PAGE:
new-traditionalists-devoListen to this track by Akron Ohio-bred cult heroes Devo. It’s “Beautiful World”, a single as taken from their 1981 album New Traditionalists. That release followed up what many consider to be their breakthrough in 1980’s Freedom of Choice which featured their ginormous hit “Whip It”.

This song follows the template set by that release in that it’s full of synthesizer and vocoder textures matched with twangy surf-guitar. Along with that, this song reflects a more pop-oriented approach and a much toned-down experimental side. The lyrics don’t reflect the high-mindedness of some of their earlier work either, full as it was of theories about the devolution of society from which the band get their name.

Even if this is true, this song is no ball of pop cotton candy. As accessible as this song is, and as in line as it is with the new wave sound that was very marketable by 1981, it still has an edge to it that works against its cheery title.

The 1980s was a time of great optimism for many. We were told that the struggles of the past were won. For those of us who had the privilege, it was easy for us to believe that the new decade was a new golden age, free of domestic national violence and suffering because of what the civil rights movement had won for us. Finally, everyone was equal. What a relief all of that racism and sexism was finally over! There was no rioting in the streets as there had been in the mid-to-late sixties. No one burned their bras anymore. The horrors of an American war no longer dominated the news on TV. America’s dark night was finally over, and the west had emerged more prosperous than ever.

On the surface, the eighties were all David Lynch-like picket fences and green lawns. But below that, and not very far below either, were the continuing forms of systemic prejudice, poverty, and social oppression and unrest that continued to become manifest in violent ways all over the nation. It’s true that many things were better on the surface than they had been. But the struggles of the past were not over, and social ills were not cured. They’d simply been made to be less easily seen. For many of us, oppressive forces at work in people’s lives every day became entirely invisible, giving us a false sense of social progress and making it harder to point out that all was not well.

That’s what lies at the heart of this song, which could be taken as one of contentment and optimism initially, reflecting the mindset of the new decade. This is all but for the robotic and dehumanized vocal delivery that seems to undercut the lyrics. As easy as it is to be taken at face value apart from that, “Beautiful World” quickly becomes less a song about optimism and more and more about exclusive privilege and alienation that exists to make social ills harder to identify and to fight. Here, the beautiful world of happy boys and girls in their new clothes, the wonderful people everywhere showing that they care, becomes nothing but a facade applicable and relatable only to some, covering the corrupted structures of a recent past.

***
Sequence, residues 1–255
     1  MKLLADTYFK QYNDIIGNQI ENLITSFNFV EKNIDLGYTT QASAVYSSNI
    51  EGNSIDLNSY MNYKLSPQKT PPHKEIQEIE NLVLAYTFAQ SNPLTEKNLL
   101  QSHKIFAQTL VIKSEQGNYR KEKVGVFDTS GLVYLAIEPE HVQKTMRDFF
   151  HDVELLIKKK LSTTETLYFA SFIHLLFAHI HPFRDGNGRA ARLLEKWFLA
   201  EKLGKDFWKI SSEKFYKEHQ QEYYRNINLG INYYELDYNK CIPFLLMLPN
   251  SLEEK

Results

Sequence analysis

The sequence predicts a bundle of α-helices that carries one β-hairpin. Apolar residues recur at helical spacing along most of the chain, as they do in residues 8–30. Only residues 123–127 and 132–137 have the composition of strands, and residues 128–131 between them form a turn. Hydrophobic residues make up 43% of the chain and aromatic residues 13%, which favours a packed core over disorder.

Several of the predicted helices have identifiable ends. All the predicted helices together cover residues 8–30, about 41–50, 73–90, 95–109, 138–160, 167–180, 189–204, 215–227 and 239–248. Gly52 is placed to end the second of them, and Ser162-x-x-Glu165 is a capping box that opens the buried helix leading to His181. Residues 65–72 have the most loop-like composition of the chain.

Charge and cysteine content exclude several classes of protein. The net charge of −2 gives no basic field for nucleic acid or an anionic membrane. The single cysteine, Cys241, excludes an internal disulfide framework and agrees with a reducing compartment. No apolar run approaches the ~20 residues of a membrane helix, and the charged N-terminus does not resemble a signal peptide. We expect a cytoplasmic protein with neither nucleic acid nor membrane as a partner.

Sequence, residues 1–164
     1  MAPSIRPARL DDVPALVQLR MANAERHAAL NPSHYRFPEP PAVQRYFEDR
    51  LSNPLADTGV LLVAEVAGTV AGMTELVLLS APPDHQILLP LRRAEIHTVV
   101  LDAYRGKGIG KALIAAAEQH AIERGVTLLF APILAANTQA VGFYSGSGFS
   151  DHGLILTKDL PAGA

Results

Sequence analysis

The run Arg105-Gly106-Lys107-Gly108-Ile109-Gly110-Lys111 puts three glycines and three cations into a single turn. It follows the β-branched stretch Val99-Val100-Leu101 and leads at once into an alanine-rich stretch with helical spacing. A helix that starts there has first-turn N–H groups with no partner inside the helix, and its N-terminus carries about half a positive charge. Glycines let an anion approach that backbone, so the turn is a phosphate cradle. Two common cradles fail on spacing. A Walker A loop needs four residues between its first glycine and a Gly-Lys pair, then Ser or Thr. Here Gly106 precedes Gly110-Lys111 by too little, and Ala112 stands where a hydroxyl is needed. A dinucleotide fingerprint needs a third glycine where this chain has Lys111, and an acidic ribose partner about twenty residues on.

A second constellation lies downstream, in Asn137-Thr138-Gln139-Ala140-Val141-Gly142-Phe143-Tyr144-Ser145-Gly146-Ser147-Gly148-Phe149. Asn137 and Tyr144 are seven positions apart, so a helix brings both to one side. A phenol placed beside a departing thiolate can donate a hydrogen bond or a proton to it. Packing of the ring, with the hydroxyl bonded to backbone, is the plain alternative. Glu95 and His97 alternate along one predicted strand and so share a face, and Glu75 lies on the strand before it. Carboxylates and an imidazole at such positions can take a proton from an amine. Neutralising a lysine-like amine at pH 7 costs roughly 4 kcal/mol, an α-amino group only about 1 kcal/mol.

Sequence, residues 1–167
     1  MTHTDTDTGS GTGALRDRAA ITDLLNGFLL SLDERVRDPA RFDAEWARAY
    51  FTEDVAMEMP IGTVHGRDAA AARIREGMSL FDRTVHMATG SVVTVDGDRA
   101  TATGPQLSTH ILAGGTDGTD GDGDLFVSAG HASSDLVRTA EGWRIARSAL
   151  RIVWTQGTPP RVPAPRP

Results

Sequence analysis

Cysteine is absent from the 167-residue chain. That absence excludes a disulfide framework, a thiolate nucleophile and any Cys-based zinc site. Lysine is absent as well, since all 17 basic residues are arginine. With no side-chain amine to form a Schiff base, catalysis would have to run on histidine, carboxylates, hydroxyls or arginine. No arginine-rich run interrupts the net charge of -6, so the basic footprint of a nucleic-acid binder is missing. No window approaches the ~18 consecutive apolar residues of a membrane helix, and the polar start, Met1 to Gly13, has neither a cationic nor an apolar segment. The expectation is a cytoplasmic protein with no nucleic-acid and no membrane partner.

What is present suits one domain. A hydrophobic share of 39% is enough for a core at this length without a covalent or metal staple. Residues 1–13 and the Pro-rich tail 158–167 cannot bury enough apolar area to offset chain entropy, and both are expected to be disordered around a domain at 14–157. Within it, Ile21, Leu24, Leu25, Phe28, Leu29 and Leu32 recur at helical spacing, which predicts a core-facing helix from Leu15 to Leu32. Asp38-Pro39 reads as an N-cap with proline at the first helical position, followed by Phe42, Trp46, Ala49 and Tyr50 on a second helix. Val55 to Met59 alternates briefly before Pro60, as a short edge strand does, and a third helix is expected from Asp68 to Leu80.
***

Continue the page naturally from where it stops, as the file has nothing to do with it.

Very importantly, the song’s narrator isn’t included in any of the things that has defined this beautiful world he’s described; “for you/not me/it’s not for me”. As such, the narrator becomes the voice of anyone who is left outside of the privilege bubble, their experiences made invisible to those within it and glossed over by false notions of social evolution. Effectively, this song becomes about being gaslighted by the very mainstream culture that keeps many people from being heard; You’re not oppressed. You’re being oversensitive. You live in the greatest country in the world, so don’t you think you’re being ungrateful?

These sentiments are still prevalent today as they were in the 1980s, with statements like “we live in a post-racial society” and others being all too indicative. When women, LGBT, and minorities are telling stories about being made to feel excluded and even unsafe in their own communities every day, the idea of a “beautiful world” as applied to everyone is revealed to be a soberingly long way off indeed for many, many people.

As of this writing, tomorrow is US election day, November 8, 2016. Along the very long road to this day, we’ve seen a narrative spun for us about how America can be great again in much the same way as it’s outlined in this song, marked by privilege and cultural alienation. The question will remain as to whether US voters will buy that vision or not.

Devo is an active musical unit today. You can learn more about their recent movements and history at




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